Wednesday, February 04, 2015

Draft budgets short shrift prisoner health care

Hard to avoid a sense of déjà vu when checking in on proposed funding levels for prisoner health care in the first-cut budget for the Texas Department of Criminal Justice.

The draft House and Senate budgets (here and here, respectively) both keep funding for health services at TDCJ stagnant from last biennium at $963.1 million (down from $990.6 million in the 2010-11 biennium), despite a declaration by agency administrators that they'd need an additional $175 million over the next biennium just to meet "minimum standards," or an 18 percent increase in the three main medical line items.

There are two ways to cut prison health costs: Set funding without regard to need and roll the dice regarding whether the state must pay more down the line if and when litigation comes. (Call that the California model.) Or reduce the number of offenders for which the prison system must provide health care, especially aging long-timers but also targeting categories of nonviolent offenders for reduced penalties to lower the population across the board. Obviously, your correspondent would prefer the latter.

There's a third option but it hinges on bigger questions than just prison policy. If the state were to expand Medicaid under Obamacare, Texas could be reimbursed from $110 to $240 million per biennium for prisoner hospital care. But reducing prisoner medical costs will not be the central driver behind that hot-button decision.

Eventually, perpetual underfunding of prison healthcare will bite the state in the metaphorical tuckus. When it does, legislators can't say they weren't warned. TDCJ has already told them that these funding levels won't meet "minimum standards."


He's Innocent said...

Nah, nothing that complex to reduce medical costs Grits!

Simply let 'em die. It's a constant issue, yes? Grits has of late written several posts about in custody deaths and how lawmakers and citizens just do not give a rats ass about 400+ deaths per year in TDCJ on average.

With less funding, this number could conveniently go higher, thereby saving tons of money!

Yes, yes, I do believe that's a viable solution. After all, they *are* criminals!

(All statements above should be taken as complete and utter sarcasm while noting the irony that this is a real possibility, although those in polite company would never acknowledge such ways of thinking.)

Anonymous said...

None of this augurs well for the personnel deficiencies we are already experiencing. When salaries are not competitive with the private sector, no es posible to fill your positions.

Prison Doc

Anonymous said...


Our nonviolent elderly who are also not classified as sex offenders, the female nonviolent population, and the majority of our State Jail population would be significant groups to start considering for release.


Anonymous said...

Since "hands on" sex offences are considered 3g, or "violent offences" even when consensual, and since sex offenders have the lowest re-offense rate of all crimes outside of murder, I'm curious why 11:42 would have nonviolent sex offenses excluded from this line of thinking. Based on statistics and research it would seem that that cohort would actually be one of the first places to start.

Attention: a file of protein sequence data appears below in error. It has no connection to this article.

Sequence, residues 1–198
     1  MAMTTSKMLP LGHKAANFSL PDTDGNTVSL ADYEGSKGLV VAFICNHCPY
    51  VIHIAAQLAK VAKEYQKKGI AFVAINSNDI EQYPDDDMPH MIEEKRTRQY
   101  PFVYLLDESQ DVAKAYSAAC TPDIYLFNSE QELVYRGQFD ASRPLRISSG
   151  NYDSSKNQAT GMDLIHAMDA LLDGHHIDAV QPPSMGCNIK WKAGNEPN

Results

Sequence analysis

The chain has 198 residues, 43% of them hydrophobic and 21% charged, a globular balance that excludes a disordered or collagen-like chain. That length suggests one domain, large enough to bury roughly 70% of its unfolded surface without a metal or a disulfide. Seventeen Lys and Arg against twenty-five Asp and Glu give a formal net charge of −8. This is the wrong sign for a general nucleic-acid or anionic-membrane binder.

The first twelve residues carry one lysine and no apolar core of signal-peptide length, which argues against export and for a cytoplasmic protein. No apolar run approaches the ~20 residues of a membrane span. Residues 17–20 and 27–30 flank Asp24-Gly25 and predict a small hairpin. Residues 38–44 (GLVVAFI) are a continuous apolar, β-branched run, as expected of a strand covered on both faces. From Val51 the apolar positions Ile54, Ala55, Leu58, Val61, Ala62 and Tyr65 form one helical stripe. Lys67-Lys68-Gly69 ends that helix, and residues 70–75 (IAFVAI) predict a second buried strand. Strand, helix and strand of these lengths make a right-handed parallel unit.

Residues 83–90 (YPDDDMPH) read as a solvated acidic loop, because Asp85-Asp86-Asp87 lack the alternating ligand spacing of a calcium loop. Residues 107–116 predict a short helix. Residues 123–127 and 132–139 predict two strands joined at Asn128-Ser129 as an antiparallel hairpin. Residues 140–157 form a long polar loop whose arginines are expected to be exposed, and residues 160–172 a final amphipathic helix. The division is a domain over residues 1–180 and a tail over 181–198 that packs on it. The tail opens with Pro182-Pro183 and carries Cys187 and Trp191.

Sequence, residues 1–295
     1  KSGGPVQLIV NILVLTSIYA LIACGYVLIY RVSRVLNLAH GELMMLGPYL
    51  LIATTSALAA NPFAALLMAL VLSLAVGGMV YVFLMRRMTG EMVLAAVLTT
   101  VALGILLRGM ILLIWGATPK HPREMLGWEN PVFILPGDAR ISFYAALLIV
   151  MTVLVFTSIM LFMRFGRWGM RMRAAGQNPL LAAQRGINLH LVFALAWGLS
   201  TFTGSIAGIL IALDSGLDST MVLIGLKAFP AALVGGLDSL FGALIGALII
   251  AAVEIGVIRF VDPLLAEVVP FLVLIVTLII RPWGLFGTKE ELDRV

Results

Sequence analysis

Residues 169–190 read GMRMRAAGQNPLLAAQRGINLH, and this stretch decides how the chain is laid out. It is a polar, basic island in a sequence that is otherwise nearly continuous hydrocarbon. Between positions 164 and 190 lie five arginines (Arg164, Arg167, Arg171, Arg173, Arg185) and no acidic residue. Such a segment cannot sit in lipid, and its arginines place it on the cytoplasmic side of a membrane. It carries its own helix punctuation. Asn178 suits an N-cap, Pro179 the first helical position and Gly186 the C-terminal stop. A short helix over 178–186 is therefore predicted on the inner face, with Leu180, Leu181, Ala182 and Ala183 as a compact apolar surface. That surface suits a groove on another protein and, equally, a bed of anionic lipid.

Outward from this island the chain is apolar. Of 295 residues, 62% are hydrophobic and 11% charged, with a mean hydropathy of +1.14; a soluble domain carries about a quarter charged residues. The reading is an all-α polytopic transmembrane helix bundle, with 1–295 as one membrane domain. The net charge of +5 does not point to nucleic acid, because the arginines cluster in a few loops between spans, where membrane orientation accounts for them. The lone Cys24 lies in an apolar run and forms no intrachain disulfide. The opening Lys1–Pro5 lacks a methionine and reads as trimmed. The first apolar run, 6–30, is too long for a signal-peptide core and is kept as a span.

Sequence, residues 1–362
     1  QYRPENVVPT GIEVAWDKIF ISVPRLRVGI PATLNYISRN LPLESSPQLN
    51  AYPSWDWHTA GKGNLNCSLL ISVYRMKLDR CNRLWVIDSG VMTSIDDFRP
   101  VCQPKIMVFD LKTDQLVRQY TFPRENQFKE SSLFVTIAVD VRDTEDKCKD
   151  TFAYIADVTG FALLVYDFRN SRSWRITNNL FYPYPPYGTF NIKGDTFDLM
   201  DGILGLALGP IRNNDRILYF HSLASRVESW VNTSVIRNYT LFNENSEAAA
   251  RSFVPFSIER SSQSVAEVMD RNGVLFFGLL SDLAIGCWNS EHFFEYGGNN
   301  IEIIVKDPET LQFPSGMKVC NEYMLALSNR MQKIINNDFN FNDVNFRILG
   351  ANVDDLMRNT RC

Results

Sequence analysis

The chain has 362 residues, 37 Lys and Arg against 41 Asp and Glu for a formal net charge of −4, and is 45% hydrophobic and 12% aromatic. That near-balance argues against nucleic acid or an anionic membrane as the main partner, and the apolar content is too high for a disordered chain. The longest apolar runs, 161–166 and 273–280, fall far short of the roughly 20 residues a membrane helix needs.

sunray's wench said...

Anon 1.07 ~ agreed, and as murderers have the lowest re-offence rate they really should not be excluded from the concept of early release, especially if the inmate is over 55, if they have a good disciplinary record while in prison and minimal background criminal history.

A sensible approach to parole based on the inmate and not the hysterical media reaction to crime could clear this mess up in just 3 or 4 years.

Anonymous said...

All the members of Parole need to be replaced! A very corrupted group.

Anonymous said...

It's my understanding that State jail offenders pay for their own medical care with their commissary money, if they are fortunate enough to have money sent to them. Otherwise they are considered indigent and the state pays...but I could be wrong...either way, Texas takes better care of animals than humans so maybe ASPCA could use those empty jails and could start a fund drive nationally to protect those warm fuzzy creatures, it's probably easier to train them to conform than possibly a free thinking human!

sunray's wench said...

Anon 10.04 ~ the first time that the inmate sees medical in a 365-day period, TDCJ will take $100 from the inmate's trust account. As the inmates cannot earn money while in TDCJ, this money is almost always from a friend or family member.

If the inmate does not have $100, TDCJ will take 50% of what the inmate does have, and will then take 50% of any subsequent deposits until the $100 has been paid for that 365-day period.

TDCJ say that no inmate will be denied medical care because they are indigent.

Anonymous said...

That's very interesting because I had a medical employee on the Crain Unit tell me that I (family member) did not pay the inmates medical fee. The inmate did. I was wondering when she got magically employed!

sunray's wench said...

Anon 7.01 ~ TDCJ sees the money in the inmate's trust account as belonging to the inmate. They don't really care where it comes from originally.